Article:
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Bankruptcy means closer scrutiny for Pinnacle, FAA safety chief says

Federal aviation safety inspectors are paying closer attention to Pinnacle Airlines now that the struggling regional carrier has filed for bankruptcy, the Federal Aviation Administration's top safety official said Wednesday.

The FAA routinely beefs up safety inspections once any passenger airline enters bankruptcy, Margaret Gilligan, the FAA's associate administrator for safety, said at a House Aviation Subcommittee hearing.

"We enhance our oversight to focus on any changes they may have to make as they downsize," Gilligan said.

Gilligan's comments came in response to a question from the panel's chairman, Rep. Tom Petri, R-Wis., who cited the Pinnacle bankruptcy when asking: "Are people cutting corners because of their financial situation?"

In response, Gilligan not only pointed to the FAA's increased oversight of bankrupt carriers, but also said: "It's clear that the industry thinks that an investment in safety is an important business investment."

The hearing was a wide-ranging look at aviation safety three years and two months after the crash of Continental Connection Flight 3407 in Clarence Center, which claimed 50 lives. A commuter airline owned by Pinnacle, Colgan Air, operated Flight 3407.

As usual at such Capitol Hill sessions, a red-clad group from the Families of Continental Flight 3407 attended the hearing, where lawmakers reviewed the FAA's progress in implementing the sweeping aviation safety law the families pushed to passage two years ago.

That proposal will require commercial airline co-pilots to have an air transport license by August 2013. That means many regional airline pilots will have to undergo additional training and amass 1,500 hours of experience to qualify.

At two regional airlines studied by the Department of Transportation's inspector general, 75 percent of the co-pilots did not have an air transport license -- and the airlines had no plan to help them get one, said Jeffrey B. Guzzetti, assistant inspector general.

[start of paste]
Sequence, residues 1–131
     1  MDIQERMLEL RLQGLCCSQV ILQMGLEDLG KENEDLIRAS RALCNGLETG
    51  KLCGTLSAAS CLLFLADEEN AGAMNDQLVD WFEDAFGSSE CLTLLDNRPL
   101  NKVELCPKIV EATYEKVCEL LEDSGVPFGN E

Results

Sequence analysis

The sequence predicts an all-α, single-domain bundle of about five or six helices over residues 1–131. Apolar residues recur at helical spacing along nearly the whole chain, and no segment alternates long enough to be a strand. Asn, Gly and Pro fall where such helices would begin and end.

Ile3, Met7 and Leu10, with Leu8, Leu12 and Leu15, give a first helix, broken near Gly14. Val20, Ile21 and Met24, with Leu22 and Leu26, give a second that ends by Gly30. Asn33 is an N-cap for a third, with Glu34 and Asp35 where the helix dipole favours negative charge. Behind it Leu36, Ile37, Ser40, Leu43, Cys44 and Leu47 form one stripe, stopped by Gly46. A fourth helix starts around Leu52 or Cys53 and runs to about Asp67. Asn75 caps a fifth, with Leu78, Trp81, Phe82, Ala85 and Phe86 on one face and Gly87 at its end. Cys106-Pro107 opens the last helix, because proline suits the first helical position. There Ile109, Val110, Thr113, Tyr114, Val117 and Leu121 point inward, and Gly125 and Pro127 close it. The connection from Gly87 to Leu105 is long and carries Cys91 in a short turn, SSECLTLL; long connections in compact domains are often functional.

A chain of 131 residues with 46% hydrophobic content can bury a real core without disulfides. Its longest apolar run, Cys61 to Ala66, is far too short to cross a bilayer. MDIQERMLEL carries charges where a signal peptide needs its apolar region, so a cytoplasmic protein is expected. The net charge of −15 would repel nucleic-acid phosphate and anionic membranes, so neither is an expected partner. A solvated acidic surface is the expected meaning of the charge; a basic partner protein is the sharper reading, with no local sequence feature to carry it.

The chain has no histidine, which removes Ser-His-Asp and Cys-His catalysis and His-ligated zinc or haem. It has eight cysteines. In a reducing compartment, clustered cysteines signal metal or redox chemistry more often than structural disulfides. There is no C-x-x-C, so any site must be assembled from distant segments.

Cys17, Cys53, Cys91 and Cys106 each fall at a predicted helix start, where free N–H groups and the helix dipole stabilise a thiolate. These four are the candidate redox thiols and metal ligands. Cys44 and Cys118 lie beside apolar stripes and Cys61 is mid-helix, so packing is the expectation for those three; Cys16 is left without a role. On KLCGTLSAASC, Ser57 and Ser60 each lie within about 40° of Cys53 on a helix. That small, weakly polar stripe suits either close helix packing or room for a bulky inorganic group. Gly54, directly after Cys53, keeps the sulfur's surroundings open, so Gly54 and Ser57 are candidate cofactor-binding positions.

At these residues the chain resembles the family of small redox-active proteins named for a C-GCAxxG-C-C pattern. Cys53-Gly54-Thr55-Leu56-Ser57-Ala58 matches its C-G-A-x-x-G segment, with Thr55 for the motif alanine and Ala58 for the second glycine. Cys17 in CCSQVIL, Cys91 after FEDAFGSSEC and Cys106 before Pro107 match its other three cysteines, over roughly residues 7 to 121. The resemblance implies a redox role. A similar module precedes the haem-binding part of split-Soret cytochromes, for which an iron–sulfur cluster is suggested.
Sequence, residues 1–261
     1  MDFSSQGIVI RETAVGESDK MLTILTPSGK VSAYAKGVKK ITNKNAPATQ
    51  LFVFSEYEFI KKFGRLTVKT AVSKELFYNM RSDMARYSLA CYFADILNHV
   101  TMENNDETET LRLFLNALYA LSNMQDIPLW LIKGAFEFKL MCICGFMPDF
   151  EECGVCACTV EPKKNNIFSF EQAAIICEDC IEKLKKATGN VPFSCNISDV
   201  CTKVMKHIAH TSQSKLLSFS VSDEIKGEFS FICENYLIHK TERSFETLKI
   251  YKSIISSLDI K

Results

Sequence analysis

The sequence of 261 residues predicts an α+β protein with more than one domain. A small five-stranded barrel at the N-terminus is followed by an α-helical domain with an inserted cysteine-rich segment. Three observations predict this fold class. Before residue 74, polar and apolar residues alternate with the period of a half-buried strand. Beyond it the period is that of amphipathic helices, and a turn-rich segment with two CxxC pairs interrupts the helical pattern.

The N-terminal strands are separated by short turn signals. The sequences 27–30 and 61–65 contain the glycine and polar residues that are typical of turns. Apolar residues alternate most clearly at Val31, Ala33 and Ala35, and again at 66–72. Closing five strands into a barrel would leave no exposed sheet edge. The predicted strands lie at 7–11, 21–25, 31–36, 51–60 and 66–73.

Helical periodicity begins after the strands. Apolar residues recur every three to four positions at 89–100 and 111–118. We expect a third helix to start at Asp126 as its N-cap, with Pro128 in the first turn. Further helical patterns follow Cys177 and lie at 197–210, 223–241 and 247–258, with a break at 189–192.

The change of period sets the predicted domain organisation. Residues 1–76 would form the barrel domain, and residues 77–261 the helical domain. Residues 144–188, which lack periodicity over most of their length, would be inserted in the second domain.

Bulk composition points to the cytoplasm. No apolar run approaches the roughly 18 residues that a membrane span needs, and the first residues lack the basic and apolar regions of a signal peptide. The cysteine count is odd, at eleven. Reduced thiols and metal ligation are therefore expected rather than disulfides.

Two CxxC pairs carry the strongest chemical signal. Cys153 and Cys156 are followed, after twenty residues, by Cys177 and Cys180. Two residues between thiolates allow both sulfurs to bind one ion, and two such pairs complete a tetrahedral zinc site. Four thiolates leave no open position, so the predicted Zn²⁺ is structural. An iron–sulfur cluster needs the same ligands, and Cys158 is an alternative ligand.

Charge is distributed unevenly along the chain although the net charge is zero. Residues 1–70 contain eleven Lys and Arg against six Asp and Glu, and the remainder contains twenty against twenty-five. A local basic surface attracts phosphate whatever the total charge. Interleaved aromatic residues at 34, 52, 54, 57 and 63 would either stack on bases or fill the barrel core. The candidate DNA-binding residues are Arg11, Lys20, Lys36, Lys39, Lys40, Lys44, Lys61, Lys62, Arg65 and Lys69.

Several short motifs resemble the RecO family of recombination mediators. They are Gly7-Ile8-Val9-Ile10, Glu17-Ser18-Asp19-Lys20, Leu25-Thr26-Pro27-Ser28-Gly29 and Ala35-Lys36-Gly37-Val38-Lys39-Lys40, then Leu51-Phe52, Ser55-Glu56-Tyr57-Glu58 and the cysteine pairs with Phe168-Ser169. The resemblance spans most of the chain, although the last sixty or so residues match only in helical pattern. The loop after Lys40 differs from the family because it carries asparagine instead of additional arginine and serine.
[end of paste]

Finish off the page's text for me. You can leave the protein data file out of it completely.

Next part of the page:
Members of the families group said they were concerned about the problems that regional airlines might have in complying with those new requirements. But they also said they were concerned that a new rule on pilot fatigue, which requires commercial airline pilots to get more rest, will not apply to pilots who fly for cargo airlines.

The families back legislation authored by Rep. Chip Cravaack, R-Minn., and Rep. Tim Bishop, D-N.Y., that would extend the tougher rest standards to cargo pilots.

But that proposal met stiff opposition from Rep. Bill Shuster, R-Pa., who lost a battle with the Flight 3407 families last spring in which he tried to make it harder for the FAA to impose new regulations.

"Are we going to get to the point where we have sleep or rest police, or a camera in a pilot's room?" Shuster asked in questioning the need for increased pilot rest requirements.

Shuster's comments did not sit well with the Flight 3407 families, given that pilot error led to that crash and that neither pilot had proper bed rest the night before the accident.

"Let's see how he feels about this if some cargo planes lands on some of the homes in his district," said Kenneth Mellett, whose son Coleman was killed in the crash.